With interests rates still at record lows, many people are opting either to buy a first home or to purchase a new one. However there is more than price to factor into the cost of buying a new home, as I recently discovered when my husband and I became “home owners” this spring. We were just moving from downtown Columbus to the suburbs, so anyone planning to move to another state or across the country will have a different experience and will probably incur more expenses than we did.
Here are four key issues to consider:
When you start thinking about buying a house, make sure to check your credit report. You are entitled to free credit reports from each of the three credit reporting agencies every 12 months. If there are ANY discrepancies, open accounts that should be closed, or any other inaccuracies, file a dispute to get them corrected as soon as possible. One tiny error could lower your credit score and that could significantly affect your mortgage offer. For the same reason, avoid opening new credit accounts; that includes credit cards, car loans, store credit or payment plans (for furniture, appliances, etc).
Save for a down payment. Even if you can’t save up 20% down, make the largest down payment that you can afford, without completely wiping out your emergency fund. You will probably have to pay private mortgage insurance, or PMI, if you put less than 20% down, but the closer to 20% you can get, the less PMI you’ll have to pay. Don’t wipe out your emergency fund to make the down payment — and don’t forget to set aside a few thousand dollars for closing costs.
Be honest about the amount you can afford to pay month after month for 30 years – even if the bank has pre-approved you for more. We opted for a mortgage payment that wouldn’t be significantly more than the rent we had been paying. Don’t forget to consider property tax, homeowners insurance, extra commuting costs, and additional utility expenses to determine your total monthly financial commitment. If we had purchased a house one street over, our taxes would have been about $1,000 more per year.
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Once we knew how big a monthly payment we were comfortable with, we used an online calculator to determine the optimal range of home prices for us. MSN First Time Buyers page has many resources, including a home affordability calculator that can help you find the right price point.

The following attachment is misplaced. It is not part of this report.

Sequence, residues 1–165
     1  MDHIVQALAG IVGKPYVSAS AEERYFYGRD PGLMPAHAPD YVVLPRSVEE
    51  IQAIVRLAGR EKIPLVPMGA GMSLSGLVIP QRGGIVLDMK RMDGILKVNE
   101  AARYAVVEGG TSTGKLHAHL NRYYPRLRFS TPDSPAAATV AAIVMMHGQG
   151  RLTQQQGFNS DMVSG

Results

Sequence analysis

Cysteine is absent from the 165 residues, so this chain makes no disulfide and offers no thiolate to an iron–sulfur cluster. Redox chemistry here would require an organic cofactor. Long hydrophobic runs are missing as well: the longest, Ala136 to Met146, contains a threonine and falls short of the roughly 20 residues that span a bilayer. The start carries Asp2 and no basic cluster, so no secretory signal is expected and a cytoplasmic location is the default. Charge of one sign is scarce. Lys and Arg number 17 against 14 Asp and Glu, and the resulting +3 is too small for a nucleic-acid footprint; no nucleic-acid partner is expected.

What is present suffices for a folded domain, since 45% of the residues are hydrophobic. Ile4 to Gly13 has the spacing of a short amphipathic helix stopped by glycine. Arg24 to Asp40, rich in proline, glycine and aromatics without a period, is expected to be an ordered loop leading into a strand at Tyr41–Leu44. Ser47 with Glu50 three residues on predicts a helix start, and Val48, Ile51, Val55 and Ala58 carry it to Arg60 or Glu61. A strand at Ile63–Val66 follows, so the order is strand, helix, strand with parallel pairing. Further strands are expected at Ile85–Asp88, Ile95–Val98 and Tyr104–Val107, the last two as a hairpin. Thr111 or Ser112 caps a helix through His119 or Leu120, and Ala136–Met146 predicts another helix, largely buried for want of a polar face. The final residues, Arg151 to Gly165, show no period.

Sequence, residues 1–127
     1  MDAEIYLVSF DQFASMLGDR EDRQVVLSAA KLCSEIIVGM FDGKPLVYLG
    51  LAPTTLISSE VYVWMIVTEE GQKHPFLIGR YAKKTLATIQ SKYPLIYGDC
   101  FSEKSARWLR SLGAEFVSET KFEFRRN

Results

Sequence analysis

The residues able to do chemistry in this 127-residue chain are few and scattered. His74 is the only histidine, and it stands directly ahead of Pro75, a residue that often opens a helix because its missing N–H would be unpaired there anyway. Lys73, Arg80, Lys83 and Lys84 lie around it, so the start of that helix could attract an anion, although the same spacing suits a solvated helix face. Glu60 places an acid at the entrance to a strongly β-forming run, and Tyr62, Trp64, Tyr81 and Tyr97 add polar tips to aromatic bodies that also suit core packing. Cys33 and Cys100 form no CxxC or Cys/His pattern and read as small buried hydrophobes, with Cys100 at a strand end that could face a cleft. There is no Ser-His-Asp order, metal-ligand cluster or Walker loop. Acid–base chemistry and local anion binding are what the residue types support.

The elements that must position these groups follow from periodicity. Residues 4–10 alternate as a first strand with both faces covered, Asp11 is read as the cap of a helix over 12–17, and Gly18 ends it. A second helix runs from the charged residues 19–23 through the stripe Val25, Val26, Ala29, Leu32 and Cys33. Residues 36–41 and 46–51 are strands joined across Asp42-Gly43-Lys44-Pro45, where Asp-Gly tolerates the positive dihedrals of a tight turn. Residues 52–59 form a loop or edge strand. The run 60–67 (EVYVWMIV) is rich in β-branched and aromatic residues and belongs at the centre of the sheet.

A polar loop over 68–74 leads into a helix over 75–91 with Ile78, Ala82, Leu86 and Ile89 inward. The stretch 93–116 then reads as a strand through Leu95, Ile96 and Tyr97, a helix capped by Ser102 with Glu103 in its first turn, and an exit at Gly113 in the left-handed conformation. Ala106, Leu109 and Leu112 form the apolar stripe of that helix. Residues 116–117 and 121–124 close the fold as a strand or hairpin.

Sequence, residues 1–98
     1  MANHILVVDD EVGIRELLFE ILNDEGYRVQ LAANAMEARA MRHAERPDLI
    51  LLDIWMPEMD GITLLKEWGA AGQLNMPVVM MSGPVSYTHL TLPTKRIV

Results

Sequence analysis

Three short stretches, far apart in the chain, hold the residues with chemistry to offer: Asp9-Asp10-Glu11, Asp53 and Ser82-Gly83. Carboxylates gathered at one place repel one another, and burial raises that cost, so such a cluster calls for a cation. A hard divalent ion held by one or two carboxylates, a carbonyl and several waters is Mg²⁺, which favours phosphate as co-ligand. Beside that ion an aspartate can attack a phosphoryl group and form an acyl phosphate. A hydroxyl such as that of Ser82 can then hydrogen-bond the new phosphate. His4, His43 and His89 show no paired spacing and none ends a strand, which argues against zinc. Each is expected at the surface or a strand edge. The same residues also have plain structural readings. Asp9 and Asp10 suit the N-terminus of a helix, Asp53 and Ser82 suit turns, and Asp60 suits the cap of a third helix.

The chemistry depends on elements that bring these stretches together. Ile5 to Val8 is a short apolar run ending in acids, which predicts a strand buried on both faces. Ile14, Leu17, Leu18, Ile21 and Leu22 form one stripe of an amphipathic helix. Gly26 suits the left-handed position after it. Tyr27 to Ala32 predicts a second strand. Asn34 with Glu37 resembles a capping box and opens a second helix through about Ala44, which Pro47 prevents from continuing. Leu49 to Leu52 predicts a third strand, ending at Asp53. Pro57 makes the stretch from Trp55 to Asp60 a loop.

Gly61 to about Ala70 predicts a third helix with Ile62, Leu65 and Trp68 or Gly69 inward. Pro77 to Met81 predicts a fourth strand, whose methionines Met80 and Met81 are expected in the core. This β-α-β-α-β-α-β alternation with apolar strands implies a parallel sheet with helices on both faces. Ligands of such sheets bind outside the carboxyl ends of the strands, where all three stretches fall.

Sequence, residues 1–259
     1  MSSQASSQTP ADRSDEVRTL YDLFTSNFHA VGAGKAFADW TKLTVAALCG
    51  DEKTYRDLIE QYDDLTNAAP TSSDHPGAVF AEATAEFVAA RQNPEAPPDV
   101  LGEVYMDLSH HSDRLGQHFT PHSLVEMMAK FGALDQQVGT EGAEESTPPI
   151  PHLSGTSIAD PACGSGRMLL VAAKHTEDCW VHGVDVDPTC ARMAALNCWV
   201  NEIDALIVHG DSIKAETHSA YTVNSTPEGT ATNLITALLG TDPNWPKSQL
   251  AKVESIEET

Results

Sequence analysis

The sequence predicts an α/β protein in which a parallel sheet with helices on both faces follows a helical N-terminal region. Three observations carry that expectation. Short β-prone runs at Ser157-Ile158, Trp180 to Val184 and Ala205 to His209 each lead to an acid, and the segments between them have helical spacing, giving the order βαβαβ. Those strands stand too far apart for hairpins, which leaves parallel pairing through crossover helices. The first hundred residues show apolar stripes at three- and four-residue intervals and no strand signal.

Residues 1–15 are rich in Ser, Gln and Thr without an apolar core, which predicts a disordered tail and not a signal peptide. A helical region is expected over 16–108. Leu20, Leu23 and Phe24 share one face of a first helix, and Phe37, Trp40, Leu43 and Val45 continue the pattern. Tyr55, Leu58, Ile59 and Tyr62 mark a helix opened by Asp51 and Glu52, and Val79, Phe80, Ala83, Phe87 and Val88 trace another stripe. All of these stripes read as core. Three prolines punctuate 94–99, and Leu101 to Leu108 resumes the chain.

Searching for your home
Start searching for houses that fit your requirements either online or by checking out open houses. Before we started our search, we decided on our principal requirements. Most important was the neighborhood because we wanted a good school district and an easy commute to our jobs and social activities. We also decided on the number of bedrooms/bathrooms and an approximate minimum square footage. We did not want this to be a “starter” home, so we needed a house we wouldn’t outgrow. Don’t buy something that is a great deal now if you’re going to outgrow it in five years — because selling it may not be possible within your time frame.
Interview a few real estate agents or ask for recommendations from friends or family. Our agent set up a customized search for us so we’d receive emails any time houses within our parameters came on the market or had changes in the listings. He never pressured us to look at anything or to continue to use his service, which we appreciated. Once we decided on several houses we wanted to see, he arranged appointments for us. After checking out the houses, we had a better idea of what the type of home we wanted (two-story vs. one-story, or split level) and other features that were important to us.
We found a homes we thought could be “it,” but after comparing prices and features with other homes, we decided they were overpriced and kept looking. A lot of listings showed “price per square foot,” which was helpful in comparing homes of different sizes. I took a notebook to each showing and wrote down stats, as well as any pros and cons for each house, so they would be easy to compare.
It’s important to consider the deal-breaker features for your house; for example, our home had to have a master bath, but it was okay if it had a shower instead of a full bath. Consider the condition of the house and how much work is needed before it wold be up to your standards. Don’t buy a fixer-upper if you don’t like to do home repairs and can’t afford to pay to have them done. We only looked at 10 to 12 houses before we found ours. It was move-in ready and only needed one room painted, and it had all of the features that were most important to us.
If you’re honest with yourself about your needs vs. wants and how much you can afford while starting your home search, you’re more likely to find the perfect house without getting into financial trouble later.
What are some of the things that you think are most important to consider in choosing a house?
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